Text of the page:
Proposed bill would make herbal supplement Kratom legal in WI
GREEN BAY, Wis. (WBAY) - An herbal supplement illegal in Wisconsin is back on the agenda for Assembly Republicans.
Kratom is a tropical tree native to Southeast Asia. The leaves are often used to self-treat conditions like pain, anxiety and opioid-use disorder.
Republican lawmakers tried legalizing Kratom last year but held off on a vote amid criticism from law enforcement. Both the FDA and DEA have issued warnings about using Kratom.
Kratom can be swallowed as a pill, brewed in tea or inhaled through smoke.
According to estimates, 1.7 million Americans, 12 and older, used Kratom in 2021.
In small doses, Kratom acts as a stimulant which is like caffeine. In high doses, it has more of a sedative effect which is like narcotic pain medicines.
“We think it’s a great alternative to address some of the drug problems we have. It replicates opioids without having the addictive effects. So for folks that have chronic pain, chronic issues, we think it represents a great alternative,” said Representative John Macco, R-Ledgeview.
Proposed Assembly Bill 393, introduced in part by Rep. Macco, would make Kratom legal in Wisconsin with proper branding and requirements to make sure it isn’t laced with other products.
Under current state law, possession of Kratom is a misdemeanor, but creating or distributing it makes it a felony.
Rep. Macco said that needs to change. Kratom is legal in most other states. “I think it’s a great opportunity for us to provide an easy, over-the-counter product that folks would be able to have access to,” said Rep. Macco.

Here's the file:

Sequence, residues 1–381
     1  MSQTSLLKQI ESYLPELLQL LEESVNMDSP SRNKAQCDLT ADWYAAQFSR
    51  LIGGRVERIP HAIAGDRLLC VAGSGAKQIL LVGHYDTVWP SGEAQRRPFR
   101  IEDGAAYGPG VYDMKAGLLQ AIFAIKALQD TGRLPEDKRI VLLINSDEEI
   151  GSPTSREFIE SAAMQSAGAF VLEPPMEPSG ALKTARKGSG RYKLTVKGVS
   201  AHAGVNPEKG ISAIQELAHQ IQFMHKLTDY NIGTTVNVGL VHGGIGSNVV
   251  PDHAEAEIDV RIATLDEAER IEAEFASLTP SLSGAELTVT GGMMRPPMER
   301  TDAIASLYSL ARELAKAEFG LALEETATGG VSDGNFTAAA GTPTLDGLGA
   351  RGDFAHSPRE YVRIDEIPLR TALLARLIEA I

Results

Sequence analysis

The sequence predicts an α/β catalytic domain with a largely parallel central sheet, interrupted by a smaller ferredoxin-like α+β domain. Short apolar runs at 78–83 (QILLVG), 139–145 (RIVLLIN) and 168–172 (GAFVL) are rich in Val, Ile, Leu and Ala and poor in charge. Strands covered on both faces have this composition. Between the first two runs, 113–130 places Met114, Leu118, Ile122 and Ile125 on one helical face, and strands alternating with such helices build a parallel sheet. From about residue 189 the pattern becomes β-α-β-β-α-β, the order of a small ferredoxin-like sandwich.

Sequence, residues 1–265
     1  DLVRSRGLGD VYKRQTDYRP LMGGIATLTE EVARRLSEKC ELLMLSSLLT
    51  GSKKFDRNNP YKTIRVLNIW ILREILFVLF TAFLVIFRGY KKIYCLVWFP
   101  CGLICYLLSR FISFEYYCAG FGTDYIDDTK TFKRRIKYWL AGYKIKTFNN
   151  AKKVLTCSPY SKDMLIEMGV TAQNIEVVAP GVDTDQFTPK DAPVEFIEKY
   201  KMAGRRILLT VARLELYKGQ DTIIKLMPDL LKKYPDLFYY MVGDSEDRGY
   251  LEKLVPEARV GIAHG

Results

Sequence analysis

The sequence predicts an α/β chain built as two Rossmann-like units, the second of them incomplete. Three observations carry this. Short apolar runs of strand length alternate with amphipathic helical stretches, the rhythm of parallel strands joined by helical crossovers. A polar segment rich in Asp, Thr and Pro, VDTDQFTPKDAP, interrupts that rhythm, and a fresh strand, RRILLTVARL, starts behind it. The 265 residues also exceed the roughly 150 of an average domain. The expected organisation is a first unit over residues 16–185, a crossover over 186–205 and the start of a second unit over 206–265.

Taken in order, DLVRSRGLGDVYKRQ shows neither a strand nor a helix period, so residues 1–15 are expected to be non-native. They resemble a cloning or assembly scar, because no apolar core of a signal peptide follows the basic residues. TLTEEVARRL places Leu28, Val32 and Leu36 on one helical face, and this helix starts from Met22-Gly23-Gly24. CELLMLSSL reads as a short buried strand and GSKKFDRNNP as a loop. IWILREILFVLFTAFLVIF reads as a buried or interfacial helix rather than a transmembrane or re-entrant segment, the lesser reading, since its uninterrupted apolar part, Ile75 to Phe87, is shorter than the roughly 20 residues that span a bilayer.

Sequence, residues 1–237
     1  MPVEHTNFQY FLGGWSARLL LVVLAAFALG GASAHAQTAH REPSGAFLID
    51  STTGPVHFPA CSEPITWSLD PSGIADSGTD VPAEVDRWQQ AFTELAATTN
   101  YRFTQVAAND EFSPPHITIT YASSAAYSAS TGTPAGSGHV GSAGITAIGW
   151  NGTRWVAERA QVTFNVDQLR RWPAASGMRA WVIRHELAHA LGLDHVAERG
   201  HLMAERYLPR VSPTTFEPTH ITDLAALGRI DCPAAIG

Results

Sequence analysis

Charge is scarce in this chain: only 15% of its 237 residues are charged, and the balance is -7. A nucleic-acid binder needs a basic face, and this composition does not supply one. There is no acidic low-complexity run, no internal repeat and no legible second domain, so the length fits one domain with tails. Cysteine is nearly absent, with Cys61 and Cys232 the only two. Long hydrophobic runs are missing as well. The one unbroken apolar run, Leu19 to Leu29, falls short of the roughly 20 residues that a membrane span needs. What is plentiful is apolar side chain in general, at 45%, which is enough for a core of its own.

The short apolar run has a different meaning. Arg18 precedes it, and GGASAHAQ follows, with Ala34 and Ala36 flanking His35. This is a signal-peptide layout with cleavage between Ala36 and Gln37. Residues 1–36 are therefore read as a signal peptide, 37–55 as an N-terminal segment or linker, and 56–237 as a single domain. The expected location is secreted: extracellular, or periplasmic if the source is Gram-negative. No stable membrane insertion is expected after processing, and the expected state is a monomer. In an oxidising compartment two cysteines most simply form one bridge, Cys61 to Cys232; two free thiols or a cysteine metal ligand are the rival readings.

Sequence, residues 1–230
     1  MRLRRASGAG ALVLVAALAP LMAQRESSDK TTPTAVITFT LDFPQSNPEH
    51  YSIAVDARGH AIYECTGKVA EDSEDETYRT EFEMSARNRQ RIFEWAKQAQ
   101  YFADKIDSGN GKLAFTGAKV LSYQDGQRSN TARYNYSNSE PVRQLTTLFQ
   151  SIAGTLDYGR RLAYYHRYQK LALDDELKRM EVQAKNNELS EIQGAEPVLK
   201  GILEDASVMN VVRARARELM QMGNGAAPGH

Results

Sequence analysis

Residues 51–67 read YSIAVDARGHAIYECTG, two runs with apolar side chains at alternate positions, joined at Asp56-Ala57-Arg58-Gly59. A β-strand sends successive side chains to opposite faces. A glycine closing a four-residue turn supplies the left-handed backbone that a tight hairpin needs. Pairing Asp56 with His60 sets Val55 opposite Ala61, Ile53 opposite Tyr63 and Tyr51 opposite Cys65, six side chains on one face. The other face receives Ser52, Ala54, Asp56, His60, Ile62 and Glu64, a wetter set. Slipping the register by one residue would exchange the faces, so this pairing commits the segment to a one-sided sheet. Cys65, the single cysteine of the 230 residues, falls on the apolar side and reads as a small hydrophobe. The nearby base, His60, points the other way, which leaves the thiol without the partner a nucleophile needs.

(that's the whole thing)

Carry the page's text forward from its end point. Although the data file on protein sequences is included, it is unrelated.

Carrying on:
The FDA has not approved any prescription or over-the-counter drug product containing Kratom.
The DEA lists it as a drug and chemical of concern.
According to the CDC, in 2017 Kratom was linked to 91 unintentional overdose deaths containing a mixture of drugs. The Badger State Sheriffs’ Association opposes the bill.
The president of the association, Dodge County Sheriff Dale Schmidt, said Kratom is not federally regulated and is linked to psychotic episodes, overdose and intoxicated driving deaths.
In a letter, Schmidt writes, “At a time when so many Wisconsin communities are dealing with the devastating effects of opioid abuse, why would we legalize a dangerous substance, with links to opioid addiction and death, that lacks any medical or FDA-approved uses?”
Rep. Macco believes with regulation, the herbal supplement can be used effectively.
“It replaces opioids. It’s much better than an opioid for managing pain,” said Rep. Macco. “And secondly, let’s keep in mind, it has that policing component to the bill. So it all would still need to be fully vetted and regulated.”
The bill will continue moving through the state legislature.
Copyright 2023 WBAY. All rights reserved.